Scientists have developed a capsule that can be dropped into water, milk, fruit juices and other foods to remove more than a dozen radioactive substances.
The development of the capsule, announced at the 243rd National Meeting & Exposition of the American Chemical Society this week, comes amid growing concerns about possible terrorist attacks with nuclear materials and just one year after the Fukushima Daiichi nuclear disaster in Japan.
Oklahoma State University scientists who developed the capsule said it could be used on a large scale by food processors or by consumers at the home.
Allen Apblett, who led the research, said the team’s work is based on a “tried-and-true process” that originally was developed to remove uranium and heavy metals from heavily contaminated water.
“The accident at the Fukushima nuclear plant in Japan and ongoing concerns about possible terrorist use of nuclear materials that may contaminate food and water led us to shift the focus of this technology," he said.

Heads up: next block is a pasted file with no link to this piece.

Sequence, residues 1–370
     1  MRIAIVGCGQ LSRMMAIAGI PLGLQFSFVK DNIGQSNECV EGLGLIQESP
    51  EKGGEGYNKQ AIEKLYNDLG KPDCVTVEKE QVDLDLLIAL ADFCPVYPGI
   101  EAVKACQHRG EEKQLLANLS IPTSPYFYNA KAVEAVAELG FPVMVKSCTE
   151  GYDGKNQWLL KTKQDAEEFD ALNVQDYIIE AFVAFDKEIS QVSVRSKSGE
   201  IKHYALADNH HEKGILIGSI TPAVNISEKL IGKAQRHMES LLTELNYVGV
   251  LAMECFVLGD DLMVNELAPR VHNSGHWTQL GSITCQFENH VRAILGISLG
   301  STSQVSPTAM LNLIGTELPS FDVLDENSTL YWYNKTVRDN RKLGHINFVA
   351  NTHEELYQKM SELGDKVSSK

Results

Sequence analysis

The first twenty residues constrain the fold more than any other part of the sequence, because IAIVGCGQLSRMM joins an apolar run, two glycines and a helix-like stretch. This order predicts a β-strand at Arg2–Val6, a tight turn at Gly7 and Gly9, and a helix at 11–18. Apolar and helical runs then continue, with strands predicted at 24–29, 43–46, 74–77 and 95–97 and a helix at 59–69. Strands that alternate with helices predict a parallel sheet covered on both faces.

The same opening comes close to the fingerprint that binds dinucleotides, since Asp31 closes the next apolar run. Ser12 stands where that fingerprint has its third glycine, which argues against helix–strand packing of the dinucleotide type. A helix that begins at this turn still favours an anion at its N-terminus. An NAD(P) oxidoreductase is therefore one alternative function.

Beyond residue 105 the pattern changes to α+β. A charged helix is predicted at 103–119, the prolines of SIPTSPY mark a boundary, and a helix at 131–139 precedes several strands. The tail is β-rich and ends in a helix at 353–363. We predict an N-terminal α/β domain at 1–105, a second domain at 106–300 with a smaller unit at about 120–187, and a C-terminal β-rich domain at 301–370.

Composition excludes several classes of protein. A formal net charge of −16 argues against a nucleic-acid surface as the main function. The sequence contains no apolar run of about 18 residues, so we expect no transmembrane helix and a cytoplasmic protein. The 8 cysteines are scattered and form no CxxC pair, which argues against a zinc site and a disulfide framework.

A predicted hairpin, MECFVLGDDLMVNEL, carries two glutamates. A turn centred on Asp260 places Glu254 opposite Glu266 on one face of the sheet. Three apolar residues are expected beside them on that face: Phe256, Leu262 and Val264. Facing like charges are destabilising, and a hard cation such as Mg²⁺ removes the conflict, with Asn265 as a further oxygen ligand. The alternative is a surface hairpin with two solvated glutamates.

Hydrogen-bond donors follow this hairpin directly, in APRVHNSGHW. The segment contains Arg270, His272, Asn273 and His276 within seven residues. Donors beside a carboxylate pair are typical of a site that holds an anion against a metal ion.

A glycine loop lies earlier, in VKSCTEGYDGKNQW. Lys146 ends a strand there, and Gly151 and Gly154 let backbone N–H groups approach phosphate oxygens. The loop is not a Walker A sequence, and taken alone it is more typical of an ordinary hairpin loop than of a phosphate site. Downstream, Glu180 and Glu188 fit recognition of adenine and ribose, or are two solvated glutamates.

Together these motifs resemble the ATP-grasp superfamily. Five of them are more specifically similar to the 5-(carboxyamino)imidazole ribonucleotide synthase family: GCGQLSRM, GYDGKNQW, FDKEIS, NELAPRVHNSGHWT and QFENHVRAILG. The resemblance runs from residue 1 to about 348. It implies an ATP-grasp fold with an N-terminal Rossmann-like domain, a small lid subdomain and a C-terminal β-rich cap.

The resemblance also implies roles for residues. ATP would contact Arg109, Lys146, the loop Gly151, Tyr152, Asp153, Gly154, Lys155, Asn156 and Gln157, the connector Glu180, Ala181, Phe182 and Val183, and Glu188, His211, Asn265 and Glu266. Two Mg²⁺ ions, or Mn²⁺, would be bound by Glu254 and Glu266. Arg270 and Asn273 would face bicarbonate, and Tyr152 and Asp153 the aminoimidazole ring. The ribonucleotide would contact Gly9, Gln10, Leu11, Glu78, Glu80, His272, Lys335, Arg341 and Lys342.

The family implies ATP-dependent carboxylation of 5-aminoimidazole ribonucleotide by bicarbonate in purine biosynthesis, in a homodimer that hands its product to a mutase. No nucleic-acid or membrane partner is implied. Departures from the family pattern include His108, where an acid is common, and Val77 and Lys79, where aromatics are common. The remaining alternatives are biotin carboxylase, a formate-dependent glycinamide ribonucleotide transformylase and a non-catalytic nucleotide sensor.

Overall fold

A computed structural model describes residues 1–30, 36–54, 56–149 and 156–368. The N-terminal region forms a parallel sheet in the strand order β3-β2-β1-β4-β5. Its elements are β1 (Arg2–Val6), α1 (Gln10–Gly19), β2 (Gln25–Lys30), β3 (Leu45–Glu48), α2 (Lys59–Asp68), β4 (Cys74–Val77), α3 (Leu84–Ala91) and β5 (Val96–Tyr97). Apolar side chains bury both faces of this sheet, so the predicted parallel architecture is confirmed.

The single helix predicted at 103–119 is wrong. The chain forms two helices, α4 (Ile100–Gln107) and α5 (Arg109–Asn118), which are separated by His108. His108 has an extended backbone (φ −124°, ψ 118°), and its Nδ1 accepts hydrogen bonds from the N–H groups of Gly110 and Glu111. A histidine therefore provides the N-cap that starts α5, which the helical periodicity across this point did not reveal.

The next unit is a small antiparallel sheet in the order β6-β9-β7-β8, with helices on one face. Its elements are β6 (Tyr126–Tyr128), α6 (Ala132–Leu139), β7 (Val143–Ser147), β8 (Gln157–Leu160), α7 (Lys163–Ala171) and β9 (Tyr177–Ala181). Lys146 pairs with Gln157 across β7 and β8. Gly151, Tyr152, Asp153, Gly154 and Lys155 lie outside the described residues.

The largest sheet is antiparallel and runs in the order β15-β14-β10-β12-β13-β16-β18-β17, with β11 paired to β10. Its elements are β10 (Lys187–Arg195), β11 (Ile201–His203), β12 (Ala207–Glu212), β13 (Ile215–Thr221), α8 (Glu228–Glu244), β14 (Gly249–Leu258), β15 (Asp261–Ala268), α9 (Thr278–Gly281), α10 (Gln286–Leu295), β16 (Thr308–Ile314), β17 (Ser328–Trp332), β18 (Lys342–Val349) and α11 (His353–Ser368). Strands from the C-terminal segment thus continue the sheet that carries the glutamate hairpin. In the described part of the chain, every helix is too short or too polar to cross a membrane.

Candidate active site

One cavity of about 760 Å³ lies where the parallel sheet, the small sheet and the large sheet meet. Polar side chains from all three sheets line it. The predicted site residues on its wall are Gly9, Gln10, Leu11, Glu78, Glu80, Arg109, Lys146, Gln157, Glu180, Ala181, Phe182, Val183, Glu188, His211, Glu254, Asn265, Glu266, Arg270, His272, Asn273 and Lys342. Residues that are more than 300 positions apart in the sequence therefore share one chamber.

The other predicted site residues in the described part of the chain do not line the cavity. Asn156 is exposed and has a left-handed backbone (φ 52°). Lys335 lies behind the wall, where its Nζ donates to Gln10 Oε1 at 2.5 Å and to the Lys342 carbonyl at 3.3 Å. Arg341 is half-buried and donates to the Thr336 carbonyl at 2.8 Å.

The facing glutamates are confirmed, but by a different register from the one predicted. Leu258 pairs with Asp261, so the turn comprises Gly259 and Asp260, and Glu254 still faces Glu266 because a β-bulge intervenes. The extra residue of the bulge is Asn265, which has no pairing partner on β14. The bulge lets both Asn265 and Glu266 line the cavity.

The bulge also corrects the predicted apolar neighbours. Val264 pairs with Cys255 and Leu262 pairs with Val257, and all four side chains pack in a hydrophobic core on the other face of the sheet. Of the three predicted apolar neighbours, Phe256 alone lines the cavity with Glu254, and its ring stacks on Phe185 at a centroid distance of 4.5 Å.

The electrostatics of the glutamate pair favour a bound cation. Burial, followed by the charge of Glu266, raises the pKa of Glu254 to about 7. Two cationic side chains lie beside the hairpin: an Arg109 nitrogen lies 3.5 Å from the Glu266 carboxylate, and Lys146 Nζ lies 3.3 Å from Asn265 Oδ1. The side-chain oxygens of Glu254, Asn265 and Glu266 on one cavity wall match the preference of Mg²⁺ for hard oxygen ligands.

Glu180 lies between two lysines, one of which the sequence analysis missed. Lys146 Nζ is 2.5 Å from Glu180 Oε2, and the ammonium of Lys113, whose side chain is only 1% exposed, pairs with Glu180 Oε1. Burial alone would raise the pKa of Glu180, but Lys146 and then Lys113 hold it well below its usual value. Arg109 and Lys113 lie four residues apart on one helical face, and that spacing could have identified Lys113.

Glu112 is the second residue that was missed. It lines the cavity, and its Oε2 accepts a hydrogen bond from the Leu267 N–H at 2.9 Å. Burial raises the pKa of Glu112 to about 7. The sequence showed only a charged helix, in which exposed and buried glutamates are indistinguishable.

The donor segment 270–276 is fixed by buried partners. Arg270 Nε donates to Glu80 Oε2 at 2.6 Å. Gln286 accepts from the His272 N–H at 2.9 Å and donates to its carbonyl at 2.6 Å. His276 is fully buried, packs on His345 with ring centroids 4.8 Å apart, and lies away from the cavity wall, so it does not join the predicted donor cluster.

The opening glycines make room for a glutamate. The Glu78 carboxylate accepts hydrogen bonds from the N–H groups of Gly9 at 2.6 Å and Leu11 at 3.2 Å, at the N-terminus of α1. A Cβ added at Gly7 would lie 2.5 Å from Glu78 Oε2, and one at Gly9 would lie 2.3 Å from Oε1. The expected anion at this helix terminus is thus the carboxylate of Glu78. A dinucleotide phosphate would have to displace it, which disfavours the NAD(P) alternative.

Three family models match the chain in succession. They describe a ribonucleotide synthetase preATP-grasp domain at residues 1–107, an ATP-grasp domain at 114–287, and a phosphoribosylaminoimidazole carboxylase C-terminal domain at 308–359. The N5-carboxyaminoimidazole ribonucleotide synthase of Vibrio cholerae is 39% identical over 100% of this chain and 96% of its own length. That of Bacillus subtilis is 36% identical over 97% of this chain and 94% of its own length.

Apblett noted the technology also can remove arsenic, lead, cadmium and other heavy metals from water and fruit juices.
Tiny “nanoparticles” of metal oxides -- various metals combined with oxygen -- are the key ingredients in the process. The particles, so small that hundreds would fit on the period at the end of this sentence, react with radioactive materials to remove them.
Researchers envision packaging the metal-oxide nanoparticles inside a capsule similar to a pill, so they could be stirred into a container of contaminated water or fruit juice. Radioactive metals would be drawn into the capsule, which would then be removed from the beverage.